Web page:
If you have problems organizing your to do list(s) – keep reading. I have tried more ways to stay organized with “to-do’s” than I could begin to count. I can be a very detailed person. With that, comes the drawback of easily making things to complicated. I’ve definitely done that in the past with my to-do lists. The strategy below, when written out, seems like a lot, but it is really very straight forward, simple and takes the heat off of worrying that you might forget something. This has worked great in my life. I know it will for you too:
* Let’s start with organizing your lists. This is critical. Without it, you will drive yourself crazy. I use “Categories”, “Projects” and a “Daily To-Do List” (C,P,D). Categories are the major areas that I have in my life. For example: Work, Home, MRN (a board I serve on), and Celebrate Recovery (CR). Within each “C” I record everything that comes to my mind that I need to take care of at some point – doesn’t matter if it’s in the next week or the next 6 months.
I will create a “P” for any effort that is going to take multiple tasks to complete. One example is within CR. I coordinate a community-wide event annually. This event isn’t going to happen for several months, but there are many tasks and some of those tasks are extremely time sensitive. Having a specific “P” for this effort keeps the “what” and “when” very clear.
This “P” is listed in my CR “C” even though some of the tasks will definitely come from and/or effect my MRN “C”. This makes no difference at all. Simply place your “P” within the “C” that makes the most sense.
* I highly suggest keeping your “C’s, P’s, D’s” in the same place. If you are an electronic organizer, then keep them in the same tool. Having said this, you see further down where I keep my “P’s” in a separate tool. This works great. I just create a link to each “P”. The point is to have easy reference to all your lists.
If you are a pen and paper organizer, then keep everything in the same planner. It is important you can review your lists monthly, weekly, daily. This will be much easier if you have things together.
* As you record tasks in your “C’s”, the two critical pieces of information is the name of the task and the due date. When you see that you have multiple individual tasks all being necessary to complete the same item, then you create a “P”.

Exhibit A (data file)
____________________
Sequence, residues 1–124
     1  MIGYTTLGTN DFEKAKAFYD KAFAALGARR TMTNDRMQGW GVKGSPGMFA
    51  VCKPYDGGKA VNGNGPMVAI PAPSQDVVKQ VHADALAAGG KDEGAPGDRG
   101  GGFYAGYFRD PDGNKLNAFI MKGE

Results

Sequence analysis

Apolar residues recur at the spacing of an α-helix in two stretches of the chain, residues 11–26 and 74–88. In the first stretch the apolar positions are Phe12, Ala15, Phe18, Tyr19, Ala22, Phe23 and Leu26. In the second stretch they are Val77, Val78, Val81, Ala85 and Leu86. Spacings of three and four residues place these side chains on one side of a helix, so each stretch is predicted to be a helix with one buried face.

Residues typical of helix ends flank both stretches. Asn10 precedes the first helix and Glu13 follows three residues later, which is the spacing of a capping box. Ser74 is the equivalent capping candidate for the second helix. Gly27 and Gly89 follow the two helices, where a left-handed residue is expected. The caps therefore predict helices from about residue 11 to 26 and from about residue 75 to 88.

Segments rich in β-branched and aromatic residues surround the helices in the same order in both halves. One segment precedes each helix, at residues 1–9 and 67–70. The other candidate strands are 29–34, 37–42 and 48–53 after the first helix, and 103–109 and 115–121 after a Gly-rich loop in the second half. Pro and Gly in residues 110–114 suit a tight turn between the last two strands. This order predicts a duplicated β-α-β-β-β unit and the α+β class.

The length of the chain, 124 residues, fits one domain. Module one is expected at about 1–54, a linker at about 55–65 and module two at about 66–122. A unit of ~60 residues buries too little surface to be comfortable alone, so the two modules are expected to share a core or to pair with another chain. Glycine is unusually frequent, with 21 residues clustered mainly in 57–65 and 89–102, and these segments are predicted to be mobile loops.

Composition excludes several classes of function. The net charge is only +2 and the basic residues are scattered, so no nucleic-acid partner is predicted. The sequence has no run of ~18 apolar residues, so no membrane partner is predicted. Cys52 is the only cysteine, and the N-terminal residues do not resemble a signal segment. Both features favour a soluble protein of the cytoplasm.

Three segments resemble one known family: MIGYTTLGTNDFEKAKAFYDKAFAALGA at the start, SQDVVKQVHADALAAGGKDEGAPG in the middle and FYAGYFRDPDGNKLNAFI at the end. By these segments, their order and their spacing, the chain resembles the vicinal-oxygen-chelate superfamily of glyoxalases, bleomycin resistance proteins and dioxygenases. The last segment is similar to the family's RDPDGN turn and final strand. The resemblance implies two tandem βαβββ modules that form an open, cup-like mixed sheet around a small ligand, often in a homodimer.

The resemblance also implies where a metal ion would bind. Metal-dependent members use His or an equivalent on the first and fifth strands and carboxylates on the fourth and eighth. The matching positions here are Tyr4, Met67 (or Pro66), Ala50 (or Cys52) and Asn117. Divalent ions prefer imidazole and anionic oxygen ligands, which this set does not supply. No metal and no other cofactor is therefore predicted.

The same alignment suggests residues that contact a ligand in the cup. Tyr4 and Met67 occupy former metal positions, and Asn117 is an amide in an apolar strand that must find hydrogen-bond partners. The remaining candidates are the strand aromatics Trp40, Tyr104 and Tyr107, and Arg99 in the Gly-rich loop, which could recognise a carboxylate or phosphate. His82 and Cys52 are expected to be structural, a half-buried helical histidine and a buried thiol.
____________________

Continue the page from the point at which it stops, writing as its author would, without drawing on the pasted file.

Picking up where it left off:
* I like to create my “P” plans in a spreadsheet program. If the project is exceptionally large and is dependent on other “P’s”, I may use an actual Project Management System.
For the paper and pen folks – if your planner / notebook has pages reserved for “P’s” this will be helpful. The problem to be aware of in managing a “P” via pen and paper is that it can get really difficult when tasks / dates change and when you have tasks that are dependent on each other.
* Anything you put on your “D” should be at a task level. If you need to complete multiple tasks to completely accomplish something, then it probably needs to be a “P”.
If you place “P” level items on your “D”, then you become overwhelmed, all of the tasks to complete the “P” cannot be seen clearly and the likelihood of missing things is very high.
A summary view:
Daily To-Do List
Categories = major responsibility areas.
Projects = large items on one of your category lists that require multiple tasks to complete. Your project plans can be printed to keep a copy within your planner or your pad folio (if you don’t keep everything electronic).
Daily To-Do List = tasks that need to or can be done on particular days. Tasks belong to a project or one of your categories.
Here are a few more suggestions:
1. Pray over your to-do list. Ask God to make it clear what tasks have to get done today and that He would make your day productive.
2. Save 30 minutes at the end of your day to look over that days to-do list. If you did not complete an important task, consider why and be sure to move it forward.
3. Review your category lists and project plan(s) on a weekly and monthly basis to keep them “clean”. ”Clean” being removal of completed or no longer needed items, ensuring all items have a timeframe associated with them (tasks shouldn’t just “hang out” on any of your lists) and keeping your responsibilities at a constant awareness that is not overwhelming.
4. Always have a daily task(s) for loving others. Call it whatever works for you. Whether it be to call someone you haven’t talked to in a long time, to hand write a note to someone, to pray for a friend or family member and/or to stop by and surprise someone with a visit. This is the most important task you have each and everyday.